ReutersAs if he just exited a cave in Utah or New Hampshire, Mitt Romney has ripped President Obama for "Chicago-style politics at its worst" after Obama filled an important regulatory position that Senate Republicans had filibustered.
"Chicago-style politics." It's part of the growing Romney lexicon of facile pejoratives, whose best example is his rather craven use of the word "entitlement" as something dastardly and insufficiently redolent of the private sector.
But what does it mean exactly?
Rahm Emanuel, the new mayor, announced the very same day that he'll close libraries on Mondays in what reflects frustration with an allegedly obstructionist AFSCME, the major public-employees union. A Republican should like that.
Ditto his taking on the teachers union and steamrolling a dramatic increase in the length of the school day in the public schools. There are private-public partnerships galore and even an ongoing competition between private contractors and city workers on who can collect household recycling the cheapest and most efficiently (the private guys are supposedly winning so far).
It's even brought Emanuel praise from a conservative darling, Wisconsin Gov. Scott Walker. Yup, Chicago-style politics.
And Mr. Romney, the former management consultant extraordinaire, might turn orgasmic over the new empirical bent Emanuel has brought to the nation's third-biggest city. He's got a chief technology officer (via IBM) and a chief data officer who are harnessing technology and trying to bring efficiency and transparency to a long-calcified government -- and all for the ultimate goal of economic development.
Go to a city website and find well more than 200 "data sets," including calls to 311, breakdowns of crimes, vendors banned from city business, the rodent-baiting requests of individuals and businesses, processing time for building permits and the removal of fallen trees.
You want more? There are response rates to graffiti-removal requests and how long it takes to install a new 96-gallon plastic garbage can at single-family homes. Can't find your car where you left it last night? Well, maybe you can now discover quickly online whether it's stuck in a city pound on the city's new wasmycartowed.com.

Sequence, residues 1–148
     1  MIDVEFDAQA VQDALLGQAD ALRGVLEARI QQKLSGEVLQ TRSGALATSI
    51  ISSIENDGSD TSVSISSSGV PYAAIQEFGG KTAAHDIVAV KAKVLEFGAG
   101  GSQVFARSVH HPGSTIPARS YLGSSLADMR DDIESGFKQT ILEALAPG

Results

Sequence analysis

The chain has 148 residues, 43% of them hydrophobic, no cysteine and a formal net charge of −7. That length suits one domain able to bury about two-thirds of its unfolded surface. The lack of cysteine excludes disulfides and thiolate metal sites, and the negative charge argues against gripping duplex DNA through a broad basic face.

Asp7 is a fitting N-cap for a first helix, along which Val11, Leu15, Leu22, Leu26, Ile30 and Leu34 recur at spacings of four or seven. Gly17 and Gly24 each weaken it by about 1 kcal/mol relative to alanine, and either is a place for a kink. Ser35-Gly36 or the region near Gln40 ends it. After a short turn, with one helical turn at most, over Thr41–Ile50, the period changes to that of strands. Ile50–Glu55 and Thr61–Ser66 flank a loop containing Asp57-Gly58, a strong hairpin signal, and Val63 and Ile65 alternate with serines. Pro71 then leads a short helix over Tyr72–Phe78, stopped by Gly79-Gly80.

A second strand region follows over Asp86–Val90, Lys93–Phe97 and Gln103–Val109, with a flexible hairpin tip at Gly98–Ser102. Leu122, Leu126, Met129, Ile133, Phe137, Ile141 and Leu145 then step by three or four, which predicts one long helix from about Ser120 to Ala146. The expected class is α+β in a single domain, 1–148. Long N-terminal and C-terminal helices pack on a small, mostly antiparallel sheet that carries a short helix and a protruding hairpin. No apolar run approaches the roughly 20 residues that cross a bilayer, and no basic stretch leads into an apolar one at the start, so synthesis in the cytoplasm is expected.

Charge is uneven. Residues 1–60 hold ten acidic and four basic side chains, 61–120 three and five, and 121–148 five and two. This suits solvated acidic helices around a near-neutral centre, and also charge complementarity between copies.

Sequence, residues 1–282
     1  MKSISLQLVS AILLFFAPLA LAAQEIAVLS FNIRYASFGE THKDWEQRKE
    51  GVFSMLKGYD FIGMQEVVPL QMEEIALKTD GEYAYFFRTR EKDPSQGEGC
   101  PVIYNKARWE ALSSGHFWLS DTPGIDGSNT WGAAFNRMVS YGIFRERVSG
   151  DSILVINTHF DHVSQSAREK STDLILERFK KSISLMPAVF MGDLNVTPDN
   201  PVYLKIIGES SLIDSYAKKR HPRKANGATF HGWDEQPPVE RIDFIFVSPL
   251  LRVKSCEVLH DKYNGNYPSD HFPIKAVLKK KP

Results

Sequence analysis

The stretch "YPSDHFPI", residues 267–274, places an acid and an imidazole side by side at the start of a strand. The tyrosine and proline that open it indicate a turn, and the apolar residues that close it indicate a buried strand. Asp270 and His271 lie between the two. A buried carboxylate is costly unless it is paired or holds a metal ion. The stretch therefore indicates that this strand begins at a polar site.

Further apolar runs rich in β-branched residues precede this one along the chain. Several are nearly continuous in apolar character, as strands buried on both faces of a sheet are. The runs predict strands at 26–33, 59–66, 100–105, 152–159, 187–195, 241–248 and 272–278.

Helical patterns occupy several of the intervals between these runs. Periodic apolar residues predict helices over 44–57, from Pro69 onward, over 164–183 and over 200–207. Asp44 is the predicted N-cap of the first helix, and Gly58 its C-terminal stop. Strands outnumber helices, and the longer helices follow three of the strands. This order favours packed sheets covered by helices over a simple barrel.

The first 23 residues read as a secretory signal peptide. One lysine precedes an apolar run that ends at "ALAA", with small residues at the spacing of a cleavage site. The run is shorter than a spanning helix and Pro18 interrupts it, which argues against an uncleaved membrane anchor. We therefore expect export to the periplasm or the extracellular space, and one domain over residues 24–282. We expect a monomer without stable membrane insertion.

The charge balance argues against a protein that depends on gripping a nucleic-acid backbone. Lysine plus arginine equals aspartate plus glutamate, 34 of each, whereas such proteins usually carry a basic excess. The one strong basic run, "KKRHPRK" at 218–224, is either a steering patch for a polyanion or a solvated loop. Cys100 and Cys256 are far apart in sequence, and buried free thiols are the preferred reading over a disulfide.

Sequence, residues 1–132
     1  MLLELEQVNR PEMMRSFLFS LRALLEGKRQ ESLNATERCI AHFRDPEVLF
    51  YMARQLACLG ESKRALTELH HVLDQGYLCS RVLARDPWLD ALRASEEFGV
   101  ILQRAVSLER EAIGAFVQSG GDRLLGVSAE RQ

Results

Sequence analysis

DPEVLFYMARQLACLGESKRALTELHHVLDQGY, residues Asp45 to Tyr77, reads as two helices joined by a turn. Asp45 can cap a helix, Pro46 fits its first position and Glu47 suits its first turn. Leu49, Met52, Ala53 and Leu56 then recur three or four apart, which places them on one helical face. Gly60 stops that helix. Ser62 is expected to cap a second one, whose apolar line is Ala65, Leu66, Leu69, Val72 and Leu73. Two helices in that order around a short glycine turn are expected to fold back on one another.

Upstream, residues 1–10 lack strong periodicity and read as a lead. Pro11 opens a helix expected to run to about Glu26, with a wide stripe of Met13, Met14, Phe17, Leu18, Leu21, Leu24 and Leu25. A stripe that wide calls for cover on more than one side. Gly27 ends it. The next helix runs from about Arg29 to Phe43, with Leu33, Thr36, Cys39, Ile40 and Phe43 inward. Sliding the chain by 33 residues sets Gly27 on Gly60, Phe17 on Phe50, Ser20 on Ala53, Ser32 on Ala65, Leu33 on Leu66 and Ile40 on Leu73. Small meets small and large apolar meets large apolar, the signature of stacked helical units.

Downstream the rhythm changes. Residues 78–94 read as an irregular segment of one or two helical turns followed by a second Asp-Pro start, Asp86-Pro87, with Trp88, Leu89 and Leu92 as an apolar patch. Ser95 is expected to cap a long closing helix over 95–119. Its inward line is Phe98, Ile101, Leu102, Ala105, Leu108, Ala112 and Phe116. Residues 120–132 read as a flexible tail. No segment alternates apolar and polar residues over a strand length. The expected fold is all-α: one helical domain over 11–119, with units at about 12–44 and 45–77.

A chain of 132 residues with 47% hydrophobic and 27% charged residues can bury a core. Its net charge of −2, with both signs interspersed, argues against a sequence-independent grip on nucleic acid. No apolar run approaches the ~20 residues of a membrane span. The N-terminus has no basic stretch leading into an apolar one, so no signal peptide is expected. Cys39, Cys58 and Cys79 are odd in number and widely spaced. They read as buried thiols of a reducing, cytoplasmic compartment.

As for the actual politics, Romney plays to a the moth-eaten image of a rough-and-tumble, blue-collar town with the packinghouse squeals of Upton Sinclair's The Jungle in the background. A sophisticated fellow like Stuart Stevens, one of his chief strategists, surely knows better, given the worldly fellow he is -- even if his client does not.
Even I, a snooty native New Yorker, must concede that Chicago is a cosmopolitan place these days whose economy is deemed in some academic studies as the fifth most globally important, after only New York, London, Singapore, and Tokyo. Hell, the former Sears Tower and Standard Oil Building, which remain two of the world's tallest, are now named after mega-insurance brokers, Willis and Aon. It's all very slick and white-collar.
There's world-class theater, probably the most dazzling new public space in the nation (Millennium Park), and a booming dining sector that's a mecca for young chefs, with some critics claiming a high-tech haute-cuisine bastion called Alinea is America's best restaurant.
Yes, yes, there is criminal skullduggery. But how many times must one point to Justice Department surveys on municipal corruption that show Illinois lapped by a bunch of other states, including New Jersey, with Florida far in the lead?
Is it a tough brand of politics? For sure, especially given a balkanized Illinois universe with many sophisticated players and competing centers of power. There may be no more savvy and potent player in any state legislature than Michael Madigan, a Chicago state representative who is the Illinois House Speaker. John Boehner and Harry Reid only wish they were half as effective as the Machiavellian Madigan, the state's most powerful politician.
Yet lost in the broadside against Obama's "Chicago-style politics" is this fact: even if you buy into the Fox News caricature of slimy government and practitioners, Obama was never a product of the system. There was a mutual suspicion between the old political power elite and the upstart black politician with the Harvard Law degree.
His rise in the state legislature and to the U.S. Senate came very much despite that old style personified by the late Mayor Richard J. Daley and, to a far lesser extent, his son, Richard M. Daley, who reigned for 22 years before stepping aside this year. The old and dying machine didn't pull many strings for the seemingly effete fellow who cared about politically unrewarding issues like the death penalty.
In the Illinois context, Obama stands not in the tradition of George Ryan and Rod Blagojevich, the successive governors who were convicted of crimes, nor of the many Chicago aldermen who wound up wearing prison jumpsuits. He's more akin to the more cerebral and estimable likes of former U.S. Senators Paul Douglas, Adlai Stevenson III, and Paul Simon, whom the old machine hacks didn't much care for.
And he's had some bright Chicago-trained practitioners around him, like David Axelrod, Emanuel and, now, Chief of Staff William Daley. But his own relationship to the caricatured "Chicago style of politics" is really more one of cultural tensions between old and new.
It's sort of like the cultural clash between a transplanted New York City physician played by Rob Morrow and the people of fictional Cicely, Alaska in the wonderful, long-gone "Northern Exposure."
Come to think of it, it was brainy Stuart Stevens, an old friend from my Washington days, who wrote an important early script for the show. As I said, the Romney camp should know better.
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